Not many albums would have the balls to feature both Ice Cube and Common in cameo roles, mainly because those two artists play to wildly different audiences. (I'm sure the past beef between those two had nothing to do with it.) Lonnie Lynn actually gets a verse, though, so he wins again! His inclusion only seems to occur so Jayceon has an excuse to branch out and talk about Chicago instead of California, but this Kanye West-helmed track isn't that bad, mostly because Common goes out of his way to adapt to his host's surroundings.
15. NEVER CAN SAY GOODBYE (FEAT LATOYA WILLIAMS)
AN artistic gamble that blows up in our host 's face. After a heavy-handed explanation as to what the song is about (the deaths of 2Pac, The Notorious B.I.G., and Eazy-E), The Game uses one verse for each late rapper, pretending to actually be those guys during their last moments of life. Bonus points for sticking with the theme, as his random name-dropping actually makes sense on here, and it helps set the scene accordingly. The song was ultimately too creepy to work for me (and Game's Biggie imitation was appalling, especially as he chooses not to mimic 2Pac and Eazy: is this the beginning of the second phase in the East Coast/West Coast war?), and I feel it will sound polarizing for the two of you, as well.
16. DOPE BOYS (FEAT TRAVIS BARKER)
This appears to be the only track on LAX with a sound that grabs you immediately. I anticipate the instrumental (crafted by a committee featuring 1500 or Nothin', DJ Quik, and Travis Barker himself) eventually being uses to score movie trailers and sporting events, Fort Minor-style. Lyrically, however, the song is an incoherent mess, as the topics range wildly from taking a sly potshot at Dr. Dre (this man absolutely knows how to hold a grudge) to, if taken literally, fucking a girl through her bellybutton, Tommy Wiseau-style. (Because rap lyrics are always supposed to be taken literally.) The hook is also not very well thought out: it's obvious that Jay-Z's “Roc Boys (And The Winner Is...)” was the main inspiration, but Jayceon and Barker (hip hop's second drummer of choice, the first one being ?uestlove) only half-remembered the opening line of the chorus and Sweded the rest.
17. GAME'S PAIN (FEAT KEYSHIA COLE)
The first single, I think: it may have also been called just “Pain” before Game's narcissistic urges took over. There isn't much talk of any sort of pain, though: “Game's Pain” touches only on the history of hip hop as viewed through our host's limited perspective. Keyshia Cole's chorus is technically proficient, but terrible nonetheless, mainly because there is no soul behind her vocals: she was merely a singer-for-hire on here. Actually, the more I think about this shit, the more it pisses me off: what the fuck is with the misleading title, Jayceon? I knew he was an asshole, but resorting to such misdirection was a low blow. (Of course, I fully admit that I may have missed the lone mention of a scuffed knee or something.)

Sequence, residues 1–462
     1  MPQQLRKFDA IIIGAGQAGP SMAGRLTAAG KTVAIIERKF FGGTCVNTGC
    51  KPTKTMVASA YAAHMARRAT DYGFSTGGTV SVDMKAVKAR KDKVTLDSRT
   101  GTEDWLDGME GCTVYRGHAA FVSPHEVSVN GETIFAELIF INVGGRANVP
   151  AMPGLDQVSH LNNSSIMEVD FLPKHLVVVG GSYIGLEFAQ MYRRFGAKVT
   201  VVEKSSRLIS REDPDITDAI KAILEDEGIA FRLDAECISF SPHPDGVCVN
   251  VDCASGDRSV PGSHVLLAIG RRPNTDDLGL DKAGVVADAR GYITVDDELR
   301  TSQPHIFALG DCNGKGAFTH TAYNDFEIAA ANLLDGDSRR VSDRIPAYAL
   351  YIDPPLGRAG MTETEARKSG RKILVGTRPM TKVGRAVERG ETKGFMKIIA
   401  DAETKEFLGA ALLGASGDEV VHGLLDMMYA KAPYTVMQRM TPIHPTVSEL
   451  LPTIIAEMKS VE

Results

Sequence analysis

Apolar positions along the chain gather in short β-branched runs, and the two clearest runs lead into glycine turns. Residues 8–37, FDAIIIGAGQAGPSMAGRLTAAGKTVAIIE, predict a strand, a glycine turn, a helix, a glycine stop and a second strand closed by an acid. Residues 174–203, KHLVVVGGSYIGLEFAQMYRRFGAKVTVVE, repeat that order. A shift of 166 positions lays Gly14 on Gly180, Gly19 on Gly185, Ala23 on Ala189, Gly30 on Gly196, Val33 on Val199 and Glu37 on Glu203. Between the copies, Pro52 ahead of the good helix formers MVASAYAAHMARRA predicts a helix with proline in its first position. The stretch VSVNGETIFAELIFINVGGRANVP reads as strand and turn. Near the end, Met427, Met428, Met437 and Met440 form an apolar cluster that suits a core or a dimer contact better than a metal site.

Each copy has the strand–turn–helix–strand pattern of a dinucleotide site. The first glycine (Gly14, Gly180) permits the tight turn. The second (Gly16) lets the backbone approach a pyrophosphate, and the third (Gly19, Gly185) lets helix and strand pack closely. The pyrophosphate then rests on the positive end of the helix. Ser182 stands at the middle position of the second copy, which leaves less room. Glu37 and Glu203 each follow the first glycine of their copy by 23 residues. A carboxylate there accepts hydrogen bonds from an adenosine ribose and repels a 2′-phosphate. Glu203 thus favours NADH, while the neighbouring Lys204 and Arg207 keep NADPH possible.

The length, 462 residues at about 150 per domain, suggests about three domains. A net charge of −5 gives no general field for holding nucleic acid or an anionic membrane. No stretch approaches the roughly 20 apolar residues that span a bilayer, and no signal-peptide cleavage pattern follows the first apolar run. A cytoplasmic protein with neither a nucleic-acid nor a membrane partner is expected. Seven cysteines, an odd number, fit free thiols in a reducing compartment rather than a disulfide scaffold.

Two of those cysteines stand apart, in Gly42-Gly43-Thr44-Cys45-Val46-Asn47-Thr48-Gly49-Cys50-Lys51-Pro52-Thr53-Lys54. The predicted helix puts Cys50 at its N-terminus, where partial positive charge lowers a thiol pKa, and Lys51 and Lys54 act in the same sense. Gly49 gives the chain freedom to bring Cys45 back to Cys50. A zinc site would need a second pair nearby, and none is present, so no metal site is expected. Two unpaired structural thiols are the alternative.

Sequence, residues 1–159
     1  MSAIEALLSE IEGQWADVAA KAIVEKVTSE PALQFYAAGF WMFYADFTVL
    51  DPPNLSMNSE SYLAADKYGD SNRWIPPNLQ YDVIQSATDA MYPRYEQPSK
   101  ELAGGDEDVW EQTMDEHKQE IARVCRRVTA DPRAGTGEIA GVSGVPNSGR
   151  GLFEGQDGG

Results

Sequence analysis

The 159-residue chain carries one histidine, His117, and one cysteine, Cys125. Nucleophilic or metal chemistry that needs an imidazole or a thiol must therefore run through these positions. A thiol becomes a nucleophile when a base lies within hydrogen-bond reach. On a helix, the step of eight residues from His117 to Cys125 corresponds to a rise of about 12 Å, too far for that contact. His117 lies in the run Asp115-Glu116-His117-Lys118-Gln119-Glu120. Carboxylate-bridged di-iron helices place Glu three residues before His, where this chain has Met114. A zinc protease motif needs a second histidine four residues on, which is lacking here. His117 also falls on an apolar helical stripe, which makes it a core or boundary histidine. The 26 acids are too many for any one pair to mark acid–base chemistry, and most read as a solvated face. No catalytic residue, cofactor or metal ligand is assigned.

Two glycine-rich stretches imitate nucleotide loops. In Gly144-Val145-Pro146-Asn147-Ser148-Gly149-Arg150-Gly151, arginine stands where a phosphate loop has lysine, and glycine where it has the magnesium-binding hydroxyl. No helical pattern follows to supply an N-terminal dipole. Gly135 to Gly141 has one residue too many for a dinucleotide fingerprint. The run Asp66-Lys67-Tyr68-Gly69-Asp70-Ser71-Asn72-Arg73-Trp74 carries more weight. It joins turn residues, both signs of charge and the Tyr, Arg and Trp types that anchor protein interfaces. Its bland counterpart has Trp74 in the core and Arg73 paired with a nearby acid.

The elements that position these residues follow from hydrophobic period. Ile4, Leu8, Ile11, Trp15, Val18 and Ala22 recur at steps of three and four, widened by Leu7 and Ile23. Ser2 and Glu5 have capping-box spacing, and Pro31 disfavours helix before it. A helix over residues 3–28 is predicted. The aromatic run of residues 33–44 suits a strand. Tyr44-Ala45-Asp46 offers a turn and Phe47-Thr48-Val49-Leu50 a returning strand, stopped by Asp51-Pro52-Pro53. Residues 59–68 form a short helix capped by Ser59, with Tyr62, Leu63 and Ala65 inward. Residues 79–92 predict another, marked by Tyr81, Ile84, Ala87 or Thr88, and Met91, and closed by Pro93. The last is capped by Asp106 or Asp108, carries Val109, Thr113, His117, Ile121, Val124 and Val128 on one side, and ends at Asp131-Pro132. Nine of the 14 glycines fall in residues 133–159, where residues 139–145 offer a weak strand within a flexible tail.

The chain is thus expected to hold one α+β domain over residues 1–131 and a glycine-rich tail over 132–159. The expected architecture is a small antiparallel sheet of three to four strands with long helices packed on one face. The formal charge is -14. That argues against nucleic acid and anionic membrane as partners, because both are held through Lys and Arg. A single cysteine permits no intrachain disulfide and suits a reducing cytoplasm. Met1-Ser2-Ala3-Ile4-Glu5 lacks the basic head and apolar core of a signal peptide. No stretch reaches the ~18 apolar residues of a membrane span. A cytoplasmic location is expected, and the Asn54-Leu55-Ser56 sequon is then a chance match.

18. LETTER TO THE KING (FEAT NAS)
For the final song on LAX, The Game ditches any idea of subtlety and speaks directly to Dr. Martin Luther King Jr., in an attempt to be serious, a tactic that sounds false coming from the same guy who spent the rest of the album threatening to kill his enemies, rape their women, and partake of their foodstuffs. This kind of song works much better for guest star Nas, who seems to be embarrassed to be in the same musical category as our host, but he does what he can. I don't know what caused Game to turn all socially conscious all of a sudden, but I trust that this probably won't be happening much in the future.
19. OUTRO (FEAT DMX)
Hey, DMX collected two paychecks for his work on LAX. I hope that money goes to good use, and not to cocaine or pocket-sized pit bulls or some shit.
There is a deluxe version of LAX that features a few extra songs, one of which was even released as a single (“Camera Phone”, featuring Ne-Yo once again), but I don't have that one, nor do I care to. I think what I listened to was plenty.
THE LAST WORD: Much of LAX sounds so vapid, empty, and soulless that it's hard to tell if The Game was simply fucking with us or not. LAX is a study of disconnection: specifically between the different tracks themselves and between Jayceon and reality. He claims to be widely hated in hip hop and lashes out at anybody who he believes to have wronged him, although (a) he has not reached the same levels of success after burning bridges with Dr. Dre and Curtis Jackson (although he has started the reconciliation process with the former, I understand), and (b) for someone who claims to have no friends, a whole lot of motherfuckers sure made it a point to make guest appearances on here. It's actually quite amazing how much these songs fail to mesh with one another, considering that he's saying the exact same bullshit on nearly every track. The Game is a competent enough rapper, one who I enjoy listening to on occasion, but on LAX he puts almost zero effort into his rhymes, letting his pop culture references and random threats speak for him like an unnecessarily gangsta episode of VH1's I Love The '80s. Musically, he needs to gain the confidence needed to tell his producers “no”, as most of the beats fail to leave a mark, even while the song is still playing. Game is capable of writing interesting verses, but that isn't evident on LAX. I almost wish this really was his final album, just so he would go the fuck away, but alas, we aren't that lucky. Pass.
If you really want to read more of my thoughts on The Game, click here to proceed.